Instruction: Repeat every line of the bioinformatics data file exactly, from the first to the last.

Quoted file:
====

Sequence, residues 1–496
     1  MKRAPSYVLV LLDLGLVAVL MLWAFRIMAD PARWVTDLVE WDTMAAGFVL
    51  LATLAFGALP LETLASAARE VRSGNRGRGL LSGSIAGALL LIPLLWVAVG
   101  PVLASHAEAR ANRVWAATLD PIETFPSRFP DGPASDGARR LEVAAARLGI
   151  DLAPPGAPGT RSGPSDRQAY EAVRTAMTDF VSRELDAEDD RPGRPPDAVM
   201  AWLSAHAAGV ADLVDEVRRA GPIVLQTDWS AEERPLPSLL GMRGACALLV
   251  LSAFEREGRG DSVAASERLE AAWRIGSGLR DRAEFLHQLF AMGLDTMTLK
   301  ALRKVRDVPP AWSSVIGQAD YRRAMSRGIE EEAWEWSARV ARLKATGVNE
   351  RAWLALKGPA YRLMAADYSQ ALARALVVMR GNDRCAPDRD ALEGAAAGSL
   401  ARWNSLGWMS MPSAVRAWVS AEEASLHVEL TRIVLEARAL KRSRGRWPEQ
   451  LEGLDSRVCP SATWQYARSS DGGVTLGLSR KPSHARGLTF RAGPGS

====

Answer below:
Sequence, residues 1–496
     1  MKRAPSYVLV LLDLGLVAVL MLWAFRIMAD PARWVTDLVE WDTMAAGFVL
    51  LATLAFGALP LETLASAARE VRSGNRGRGL LSGSIAGALL LIPLLWVAVG
   101  PVLASHAEAR ANRVWAATLD PIETFPSRFP DGPASDGARR LEVAAARLGI
   151  DLAPPGAPGT RSGPSDRQAY EAVRTAMTDF VSRELDAEDD RPGRPPDAVM
   201  AWLSAHAAGV ADLVDEVRRA GPIVLQTDWS AEERPLPSLL GMRGACALLV
   251  LSAFEREGRG DSVAASERLE AAWRIGSGLR DRAEFLHQLF AMGLDTMTLK
   301  ALRKVRDVPP AWSSVIGQAD YRRAMSRGIE EEAWEWSARV ARLKATGVNE
   351  RAWLALKGPA YRLMAADYSQ ALARALVVMR GNDRCAPDRD ALEGAAAGSL
   401  ARWNSLGWMS MPSAVRAWVS AEEASLHVEL TRIVLEARAL KRSRGRWPEQ
   451  LEGLDSRVCP SATWQYARSS DGGVTLGLSR KPSHARGLTF RAGPGS